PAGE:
By Chris Spears

DENVER (CBS4) – With June around the corner now is the time to start thinking about summer air quality along the Front Range. One of the biggest concerns is ozone which is a big problem along Colorado’s Interstate 25 urban corridor during the hottest days of the year.

(credit: CBS)

Ozone is a gas found in two layers of Earth’s atmosphere. Naturally occurring ozone is the good kind of ozone gas found high above the ground in the stratosphere. It helps to protect us from the harmful rays of the sun.

The bad kind of ozone gas is found close to the ground and forms as pollution from human activities essentially “cooks” in the hot sun, undergoing a chemical reaction that forms ozone gas. Breathing in high concentrations of ozone gas can trigger asthma attacks, aggravate pre-existing respiratory conditions and make breathing difficult. It can impact everyone from the young and elderly to those who work and exercise outside.

File photo of traffic in Colorado’s high country. (credit: CBS)

There are many sources of pollution that contribute to high levels of ozone along the Front Range but vehicles and fuels are two of the biggest offenders. That’s why we constantly encourage people to carpool, combine trips when possible or take public transportation. The less vehicles we have on the road the lower the emissions.

But the title of this story talks about getting gas during certain times of the day. When it comes to ozone, the goal is to have as little pollution as possible in the air during the middle of the day since ozone production peaks when the sun angle is highest and the temperatures are warmest.

Every time someone gets gas in their car or truck, fuel vapors are released into the air, and that adds to the total amount of pollution. Even though we don’t see these vapors, they are present.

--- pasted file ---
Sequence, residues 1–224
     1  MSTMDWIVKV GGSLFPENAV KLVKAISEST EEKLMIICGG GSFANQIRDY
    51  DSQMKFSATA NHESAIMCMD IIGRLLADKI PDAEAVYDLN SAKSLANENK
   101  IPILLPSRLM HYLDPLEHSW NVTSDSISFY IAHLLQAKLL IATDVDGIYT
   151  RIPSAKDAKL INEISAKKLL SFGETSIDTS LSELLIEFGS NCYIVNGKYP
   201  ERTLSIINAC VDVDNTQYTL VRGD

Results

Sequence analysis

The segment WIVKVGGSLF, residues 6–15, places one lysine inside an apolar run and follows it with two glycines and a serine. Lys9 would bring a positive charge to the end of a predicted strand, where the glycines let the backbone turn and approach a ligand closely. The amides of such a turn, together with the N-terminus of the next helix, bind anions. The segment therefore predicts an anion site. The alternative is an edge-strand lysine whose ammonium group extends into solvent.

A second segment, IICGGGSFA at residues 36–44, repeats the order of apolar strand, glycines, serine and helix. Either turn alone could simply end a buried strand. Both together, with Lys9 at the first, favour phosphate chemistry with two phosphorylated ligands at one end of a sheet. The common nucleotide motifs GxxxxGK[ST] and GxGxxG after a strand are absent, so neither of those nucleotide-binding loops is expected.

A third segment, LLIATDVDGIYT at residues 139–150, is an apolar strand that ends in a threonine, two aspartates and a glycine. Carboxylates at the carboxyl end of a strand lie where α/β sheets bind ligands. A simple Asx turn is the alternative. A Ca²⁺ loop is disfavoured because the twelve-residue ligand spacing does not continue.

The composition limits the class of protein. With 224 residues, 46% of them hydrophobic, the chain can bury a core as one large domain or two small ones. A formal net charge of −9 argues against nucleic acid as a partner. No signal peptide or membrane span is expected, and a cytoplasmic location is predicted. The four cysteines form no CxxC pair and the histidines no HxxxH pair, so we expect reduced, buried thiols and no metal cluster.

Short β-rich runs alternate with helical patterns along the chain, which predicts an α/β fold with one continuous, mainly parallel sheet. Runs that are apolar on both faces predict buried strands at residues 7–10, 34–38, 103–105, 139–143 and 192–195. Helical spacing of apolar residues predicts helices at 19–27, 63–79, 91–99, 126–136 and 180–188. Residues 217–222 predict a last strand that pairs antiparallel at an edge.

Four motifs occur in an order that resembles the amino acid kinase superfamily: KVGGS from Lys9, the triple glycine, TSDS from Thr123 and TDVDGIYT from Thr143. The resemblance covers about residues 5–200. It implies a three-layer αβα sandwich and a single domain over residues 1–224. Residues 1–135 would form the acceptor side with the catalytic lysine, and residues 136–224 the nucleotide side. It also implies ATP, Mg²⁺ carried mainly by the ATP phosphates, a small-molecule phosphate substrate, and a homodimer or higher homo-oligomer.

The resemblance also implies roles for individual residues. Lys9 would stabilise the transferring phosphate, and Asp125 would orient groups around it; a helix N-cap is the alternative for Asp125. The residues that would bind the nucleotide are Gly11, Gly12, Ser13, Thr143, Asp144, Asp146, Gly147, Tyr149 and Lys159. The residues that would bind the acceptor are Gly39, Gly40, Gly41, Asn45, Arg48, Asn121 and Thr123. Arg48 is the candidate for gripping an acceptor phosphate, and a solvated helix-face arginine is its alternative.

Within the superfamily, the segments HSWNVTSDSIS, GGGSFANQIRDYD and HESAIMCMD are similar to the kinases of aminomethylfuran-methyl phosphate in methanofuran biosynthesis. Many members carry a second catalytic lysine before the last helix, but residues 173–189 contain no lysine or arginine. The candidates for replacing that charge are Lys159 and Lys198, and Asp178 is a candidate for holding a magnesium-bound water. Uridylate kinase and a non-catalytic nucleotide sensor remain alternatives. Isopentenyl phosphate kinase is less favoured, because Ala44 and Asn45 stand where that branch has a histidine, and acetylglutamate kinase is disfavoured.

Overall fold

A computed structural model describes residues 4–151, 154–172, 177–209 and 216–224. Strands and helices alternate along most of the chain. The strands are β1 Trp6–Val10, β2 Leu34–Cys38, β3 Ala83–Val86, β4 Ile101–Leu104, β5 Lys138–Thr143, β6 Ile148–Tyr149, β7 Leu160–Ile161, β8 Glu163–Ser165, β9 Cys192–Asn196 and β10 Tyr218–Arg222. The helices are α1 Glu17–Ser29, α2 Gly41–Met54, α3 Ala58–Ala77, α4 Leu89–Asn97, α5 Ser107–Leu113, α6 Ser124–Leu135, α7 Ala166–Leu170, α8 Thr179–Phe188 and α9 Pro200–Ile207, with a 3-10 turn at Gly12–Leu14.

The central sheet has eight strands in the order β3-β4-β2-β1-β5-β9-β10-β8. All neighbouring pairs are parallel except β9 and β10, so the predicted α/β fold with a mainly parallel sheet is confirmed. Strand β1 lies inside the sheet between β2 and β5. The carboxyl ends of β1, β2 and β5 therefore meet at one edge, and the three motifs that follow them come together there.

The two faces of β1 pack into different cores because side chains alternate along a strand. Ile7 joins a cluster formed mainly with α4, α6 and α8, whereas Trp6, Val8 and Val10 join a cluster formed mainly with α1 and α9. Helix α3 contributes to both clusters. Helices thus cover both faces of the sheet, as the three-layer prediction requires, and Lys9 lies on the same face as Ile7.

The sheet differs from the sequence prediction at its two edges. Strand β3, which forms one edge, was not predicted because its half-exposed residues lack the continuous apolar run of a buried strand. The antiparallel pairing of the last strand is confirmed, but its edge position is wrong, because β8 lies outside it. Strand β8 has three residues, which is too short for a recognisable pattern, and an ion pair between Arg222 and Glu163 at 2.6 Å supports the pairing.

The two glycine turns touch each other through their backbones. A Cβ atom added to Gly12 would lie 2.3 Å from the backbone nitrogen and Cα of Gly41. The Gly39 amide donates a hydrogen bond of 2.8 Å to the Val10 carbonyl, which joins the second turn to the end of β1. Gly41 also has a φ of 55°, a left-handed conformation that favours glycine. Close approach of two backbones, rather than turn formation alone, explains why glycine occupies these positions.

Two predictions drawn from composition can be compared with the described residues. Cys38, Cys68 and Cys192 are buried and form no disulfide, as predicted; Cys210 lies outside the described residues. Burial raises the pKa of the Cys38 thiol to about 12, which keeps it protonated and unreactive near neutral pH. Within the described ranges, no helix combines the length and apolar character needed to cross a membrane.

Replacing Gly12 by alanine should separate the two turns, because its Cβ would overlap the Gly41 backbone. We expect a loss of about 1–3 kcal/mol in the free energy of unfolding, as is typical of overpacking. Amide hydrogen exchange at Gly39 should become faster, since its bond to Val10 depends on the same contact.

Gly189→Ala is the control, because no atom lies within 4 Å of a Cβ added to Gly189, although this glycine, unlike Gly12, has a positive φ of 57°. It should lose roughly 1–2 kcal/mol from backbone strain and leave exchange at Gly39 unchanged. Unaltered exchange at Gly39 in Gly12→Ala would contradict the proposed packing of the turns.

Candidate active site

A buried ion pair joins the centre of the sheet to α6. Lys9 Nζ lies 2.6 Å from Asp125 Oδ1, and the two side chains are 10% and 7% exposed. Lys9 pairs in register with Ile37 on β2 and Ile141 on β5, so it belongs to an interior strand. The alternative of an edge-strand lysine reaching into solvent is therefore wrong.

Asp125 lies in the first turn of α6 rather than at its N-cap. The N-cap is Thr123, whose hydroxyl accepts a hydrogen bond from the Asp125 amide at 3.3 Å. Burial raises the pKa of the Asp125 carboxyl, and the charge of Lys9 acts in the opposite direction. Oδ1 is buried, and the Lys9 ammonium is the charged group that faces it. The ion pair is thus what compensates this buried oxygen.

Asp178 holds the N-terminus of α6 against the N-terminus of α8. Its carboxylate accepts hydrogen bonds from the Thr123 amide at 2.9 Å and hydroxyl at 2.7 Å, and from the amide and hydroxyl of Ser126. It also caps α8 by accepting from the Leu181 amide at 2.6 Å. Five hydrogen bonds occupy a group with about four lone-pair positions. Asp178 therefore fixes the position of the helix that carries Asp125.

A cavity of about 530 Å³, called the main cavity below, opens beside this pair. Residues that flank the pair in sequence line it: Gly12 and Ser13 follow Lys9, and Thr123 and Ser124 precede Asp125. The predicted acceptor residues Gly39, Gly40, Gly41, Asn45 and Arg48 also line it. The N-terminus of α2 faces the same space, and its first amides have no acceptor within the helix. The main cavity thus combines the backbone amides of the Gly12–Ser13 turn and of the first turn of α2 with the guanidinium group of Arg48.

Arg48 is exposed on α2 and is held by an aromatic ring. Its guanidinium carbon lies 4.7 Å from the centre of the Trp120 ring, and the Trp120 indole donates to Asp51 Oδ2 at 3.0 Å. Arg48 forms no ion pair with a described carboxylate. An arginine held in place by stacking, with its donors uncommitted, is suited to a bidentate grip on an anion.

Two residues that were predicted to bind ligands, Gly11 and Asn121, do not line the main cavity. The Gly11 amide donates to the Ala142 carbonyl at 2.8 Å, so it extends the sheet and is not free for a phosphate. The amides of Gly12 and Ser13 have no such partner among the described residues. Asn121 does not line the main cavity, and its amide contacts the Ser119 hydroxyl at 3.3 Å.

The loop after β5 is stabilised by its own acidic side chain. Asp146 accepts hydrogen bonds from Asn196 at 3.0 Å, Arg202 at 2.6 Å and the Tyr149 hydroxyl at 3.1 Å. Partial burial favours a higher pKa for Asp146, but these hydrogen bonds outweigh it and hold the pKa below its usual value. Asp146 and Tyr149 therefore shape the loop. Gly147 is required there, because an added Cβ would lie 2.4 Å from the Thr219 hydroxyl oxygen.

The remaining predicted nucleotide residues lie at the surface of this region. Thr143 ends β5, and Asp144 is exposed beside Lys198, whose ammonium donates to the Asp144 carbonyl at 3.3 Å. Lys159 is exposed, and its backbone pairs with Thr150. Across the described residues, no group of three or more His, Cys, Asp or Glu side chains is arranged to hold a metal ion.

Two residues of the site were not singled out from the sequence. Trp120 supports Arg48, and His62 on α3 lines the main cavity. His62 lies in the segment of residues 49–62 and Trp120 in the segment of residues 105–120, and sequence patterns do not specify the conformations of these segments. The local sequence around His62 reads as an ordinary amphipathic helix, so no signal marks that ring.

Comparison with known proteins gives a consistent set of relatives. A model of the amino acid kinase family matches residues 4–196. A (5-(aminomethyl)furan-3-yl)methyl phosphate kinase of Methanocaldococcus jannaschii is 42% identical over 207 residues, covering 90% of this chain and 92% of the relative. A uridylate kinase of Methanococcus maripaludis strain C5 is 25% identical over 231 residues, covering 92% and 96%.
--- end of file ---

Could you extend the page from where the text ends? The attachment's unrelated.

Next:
And while you may feel that your particular contribution is small (and in reality it is) when you multiple thousands of people getting gas up and down the Front Range during the hottest part of the day it adds up. Stopping at the click on the pump is also a good habit to adopt. Why? Read about that in the link below.

RELATED: Here’s Why We Need To ‘Stop At The Click’ When Getting Gas In Our Vehicles

(credit: CBS)

To help reduce ground-level ozone on a hot day during the summer it is best to avoid any activity that uses fuel or releases vapors during the hottest part of the day. We’ve already talked about cars and trucks but this also applies to gas-powered lawn equipment and the use of paints or stains. Doing chores like mowing, painting or staining before 10 a.m. or after 5 p.m. helps to keep the air along the Front Range as clean as possible.

Dominic Garcia helps his father mow the lawn. (credit: CBS)

To alert the public to potential days with high ozone there is a summer ozone season along Colorado’s Front Range that runs from June 1 to August 31. It covers cities including Denver, Boulder, Aurora, Castle Rock, Greeley, Loveland and Fort Collins.

If an alert is issued that means that ozone levels have either exceeded federal standards or are expected to with the conditions in place. Weather plays a big role in air quality. We tend to see the lowest air quality on days with light wind, clear skies and hot temperatures. Atmospheric temperature inversions can also lead to poor air quality at the surface.

Chris Spears